Among academic staff, level B (lecturer) academics had the highest job loss (-1,009) and percentage decline (-5.9 per cent) of all academic levels. This is consistent with the relatively high rates of job loss for younger staff.
Job loss by university
Job losses varied significantly by university. At the upper end of the range UNSW, Monash, RMIT and UTS all lost more than 500 staff. Charles Darwin and Southern Queensland went against the trend and added small numbers of staff.
How does these job losses compare with other figures?
The 9,000 headcount losses reported in DESE’s data, while large, are lower than other estimates. A year ago Universities Australia put 2020 job losses at 17,300. The ABS Participation, job search and mobility survey estimated tertiary education retrenchments at 16,800 for February 2020 to February 2021. While the much-cited 40,000 tertiary education job loss estimate released by the Australia Institute, with 35,000 from public universities, has methodological issues (I explain why below) getting good numbers on job losses is very difficult.
The biggest problem with DESE’s data is that casuals are reported on a full-time equivalent basis only. Other sources, although with their own methodological problems, put casual contract numbers at around 100,000 pre-COVID. Many casuals work at more than one university, so 100,000 casual contracts over-states the number of people employed as casuals. Assuming a strong relationship between casual FTE and the number of casual positions, a 17.5 per cent FTE loss of casual staff would translate into about 17,500 lost casual contracts, taking total job losses to the 26,000-27,000 range. The headcount number of persons who lost or missed out on work, however, would be lower than this estimate.
DESE’s headcount figures compare totals at two different dates, but don’t report the flows. In a normal year more people commence jobs in higher education than get retrenched, resign or retire. Clearly 2020 wasn’t a normal year, but there were still academic job advertisements during 2020. These new staff to some extent offset job losses, so that we can be confident that the number of people ceasing permanent or fixed term higher education employment exceeded 9,000 in 2020, without knowing by how many or the mix of voluntary and involuntary departures.
A complexity created by these flows is that more people hold a job in the higher education sector at some point in the year than are employed on a given day, the census date approach used by DESE and most other statistical collections. ATO payroll data by industry – unfortunately all tertiary education, including vocational education which is about 30 per cent of the total based on other sources – highlights the fluctuations.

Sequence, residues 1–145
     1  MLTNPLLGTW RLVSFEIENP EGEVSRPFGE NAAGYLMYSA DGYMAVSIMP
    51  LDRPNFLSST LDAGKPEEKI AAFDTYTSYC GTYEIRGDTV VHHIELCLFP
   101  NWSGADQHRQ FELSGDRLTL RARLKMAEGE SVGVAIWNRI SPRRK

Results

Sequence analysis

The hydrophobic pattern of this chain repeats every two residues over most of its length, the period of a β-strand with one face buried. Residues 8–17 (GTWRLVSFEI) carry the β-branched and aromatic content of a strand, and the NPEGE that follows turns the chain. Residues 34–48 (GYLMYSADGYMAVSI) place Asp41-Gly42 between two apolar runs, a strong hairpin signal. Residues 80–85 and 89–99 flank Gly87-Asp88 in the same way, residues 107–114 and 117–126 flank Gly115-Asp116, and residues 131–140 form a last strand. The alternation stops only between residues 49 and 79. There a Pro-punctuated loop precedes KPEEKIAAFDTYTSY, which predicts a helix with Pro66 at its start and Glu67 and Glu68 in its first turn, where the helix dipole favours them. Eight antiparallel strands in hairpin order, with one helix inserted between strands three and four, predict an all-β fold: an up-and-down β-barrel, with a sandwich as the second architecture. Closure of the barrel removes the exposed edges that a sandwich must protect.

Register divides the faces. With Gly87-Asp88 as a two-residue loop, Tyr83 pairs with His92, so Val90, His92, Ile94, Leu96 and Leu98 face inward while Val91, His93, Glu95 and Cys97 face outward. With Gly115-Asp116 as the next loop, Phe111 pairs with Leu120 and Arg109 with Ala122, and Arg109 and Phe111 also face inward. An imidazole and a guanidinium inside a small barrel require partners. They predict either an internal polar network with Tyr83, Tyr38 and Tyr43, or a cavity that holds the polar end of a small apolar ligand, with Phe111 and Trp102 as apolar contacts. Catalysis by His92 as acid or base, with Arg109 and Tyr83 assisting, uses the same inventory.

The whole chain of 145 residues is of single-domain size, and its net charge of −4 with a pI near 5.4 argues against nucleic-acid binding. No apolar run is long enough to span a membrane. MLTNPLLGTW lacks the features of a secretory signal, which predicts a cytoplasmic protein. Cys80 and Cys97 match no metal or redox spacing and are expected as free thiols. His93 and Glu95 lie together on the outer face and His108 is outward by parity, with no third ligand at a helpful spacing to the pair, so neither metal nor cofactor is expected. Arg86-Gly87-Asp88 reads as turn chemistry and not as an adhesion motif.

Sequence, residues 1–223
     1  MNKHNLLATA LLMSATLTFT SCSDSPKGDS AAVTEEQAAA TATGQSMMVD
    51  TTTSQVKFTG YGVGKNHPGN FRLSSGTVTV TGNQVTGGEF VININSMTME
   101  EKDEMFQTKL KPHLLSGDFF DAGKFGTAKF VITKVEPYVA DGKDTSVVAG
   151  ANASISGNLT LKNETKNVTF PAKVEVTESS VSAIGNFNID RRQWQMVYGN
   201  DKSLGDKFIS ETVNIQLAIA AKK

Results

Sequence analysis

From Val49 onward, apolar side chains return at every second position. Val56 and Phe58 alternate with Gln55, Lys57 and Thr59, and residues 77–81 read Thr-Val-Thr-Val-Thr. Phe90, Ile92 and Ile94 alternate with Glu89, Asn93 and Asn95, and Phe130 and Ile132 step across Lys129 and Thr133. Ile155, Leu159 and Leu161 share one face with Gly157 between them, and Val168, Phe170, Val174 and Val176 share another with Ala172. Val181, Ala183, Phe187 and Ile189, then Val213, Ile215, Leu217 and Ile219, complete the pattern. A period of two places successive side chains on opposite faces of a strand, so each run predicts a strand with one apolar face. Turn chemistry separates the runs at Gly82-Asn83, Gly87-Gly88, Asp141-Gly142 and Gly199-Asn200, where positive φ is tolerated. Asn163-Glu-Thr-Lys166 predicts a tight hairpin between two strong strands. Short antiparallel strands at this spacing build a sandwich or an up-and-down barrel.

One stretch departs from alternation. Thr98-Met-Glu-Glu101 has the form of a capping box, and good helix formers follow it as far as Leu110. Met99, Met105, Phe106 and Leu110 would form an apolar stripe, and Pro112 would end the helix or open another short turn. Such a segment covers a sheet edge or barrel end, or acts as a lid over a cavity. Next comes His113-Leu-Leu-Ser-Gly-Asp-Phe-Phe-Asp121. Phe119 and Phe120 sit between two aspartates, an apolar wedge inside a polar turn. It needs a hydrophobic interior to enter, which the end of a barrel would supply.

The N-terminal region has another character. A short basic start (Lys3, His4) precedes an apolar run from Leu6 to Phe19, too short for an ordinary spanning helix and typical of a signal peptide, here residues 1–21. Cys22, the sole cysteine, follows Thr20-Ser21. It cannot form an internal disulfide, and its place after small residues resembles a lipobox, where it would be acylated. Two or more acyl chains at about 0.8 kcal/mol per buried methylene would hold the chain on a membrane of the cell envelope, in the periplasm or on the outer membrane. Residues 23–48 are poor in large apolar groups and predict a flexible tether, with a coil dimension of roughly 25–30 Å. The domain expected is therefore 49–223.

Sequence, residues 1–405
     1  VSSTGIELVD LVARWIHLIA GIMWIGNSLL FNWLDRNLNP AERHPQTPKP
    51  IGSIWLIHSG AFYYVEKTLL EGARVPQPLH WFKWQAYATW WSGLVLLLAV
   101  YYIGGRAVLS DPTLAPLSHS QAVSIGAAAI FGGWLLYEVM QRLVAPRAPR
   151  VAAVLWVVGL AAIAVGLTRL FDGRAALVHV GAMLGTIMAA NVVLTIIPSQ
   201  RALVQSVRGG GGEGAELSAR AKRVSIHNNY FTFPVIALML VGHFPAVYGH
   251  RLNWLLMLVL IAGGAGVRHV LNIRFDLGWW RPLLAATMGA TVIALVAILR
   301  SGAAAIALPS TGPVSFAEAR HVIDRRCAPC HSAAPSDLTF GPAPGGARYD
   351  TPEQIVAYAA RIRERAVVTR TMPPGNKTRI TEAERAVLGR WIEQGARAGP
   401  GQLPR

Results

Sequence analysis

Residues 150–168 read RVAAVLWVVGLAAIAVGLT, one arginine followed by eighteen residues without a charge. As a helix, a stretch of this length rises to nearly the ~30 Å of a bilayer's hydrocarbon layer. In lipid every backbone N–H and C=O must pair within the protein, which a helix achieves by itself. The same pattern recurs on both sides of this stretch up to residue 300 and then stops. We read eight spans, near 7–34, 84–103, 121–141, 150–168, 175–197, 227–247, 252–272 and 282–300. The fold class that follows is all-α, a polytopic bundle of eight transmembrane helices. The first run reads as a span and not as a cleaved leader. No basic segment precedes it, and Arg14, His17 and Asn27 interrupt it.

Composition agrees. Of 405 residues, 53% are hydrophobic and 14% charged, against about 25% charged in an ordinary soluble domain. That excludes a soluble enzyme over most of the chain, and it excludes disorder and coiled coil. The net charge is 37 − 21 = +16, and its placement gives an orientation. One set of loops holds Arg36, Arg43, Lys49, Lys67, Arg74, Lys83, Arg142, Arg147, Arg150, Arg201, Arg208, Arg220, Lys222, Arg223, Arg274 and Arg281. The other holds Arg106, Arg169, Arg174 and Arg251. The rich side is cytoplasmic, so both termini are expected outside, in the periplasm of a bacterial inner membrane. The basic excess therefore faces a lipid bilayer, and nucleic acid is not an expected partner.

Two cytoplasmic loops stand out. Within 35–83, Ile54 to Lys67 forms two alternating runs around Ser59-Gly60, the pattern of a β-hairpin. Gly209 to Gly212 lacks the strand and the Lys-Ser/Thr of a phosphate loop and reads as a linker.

The Australia Institute’s analysis was based on tertiary education industry employment data produced by the ABS, comparing May 2020 and May 2021. But the May 2020 baseline figure (in the chart below) is not credible. For these numbers to be right we have to believe that tertiary education employment was growing strongly between February and August 2020. The ATO numbers show that it was falling. DESE’s numbers don’t give us timelines, but casual FTE in decline by 31 March 2020 compared to 2019 suggest that jobs were lost in the February to August 2020 period. The well below usual number of academic job ads in this time also counts against growth in employment. (There is evidence that retrenchments of staff peaked later in the year).
The ABS numbers are from their labour force survey of around 50,000 people, with an eighth of the sample rotated each month. My theory is that one or more of these rotations into the survey over-sampled people working in tertiary education, distorting the results. As they were rotated out we start to get more plausible numbers for the November 2020 and February 2021 quarters.
Later in 2021
I can’t prove it, but some universities may have cut harder than in hindsight they needed to during 2020. Online education revenue turned out to be much stronger than expected. I’ve argued before that the timing of the government’s $1.5 billion of COVID assistance might have led to premature job loss. It was not announced until October 2020 and the money did not flow until 2021. Retrenchments that might have been avoided with an earlier announcement had possibly already been made. Job-ready Graduates introduced additional uncertainty, with some funding levels not clarified until 2021.
Once things settled at least some universities realised that they could start hiring again. While I have reservations about the ABS labour force numbers, they are consistent with the ATO trends and academic job ads in showing a jobs recovery in the second half of 2021.
Where to now?
The borders are now open to international students and their numbers are slowly trending up. That’s good news, but a lack of flights still limits arrivals. In 2022 only small amounts of government COVID assistance will be available compared to 2021. While most universities probably already have their staff numbers at a level they can sustain, the sector is not out of trouble yet.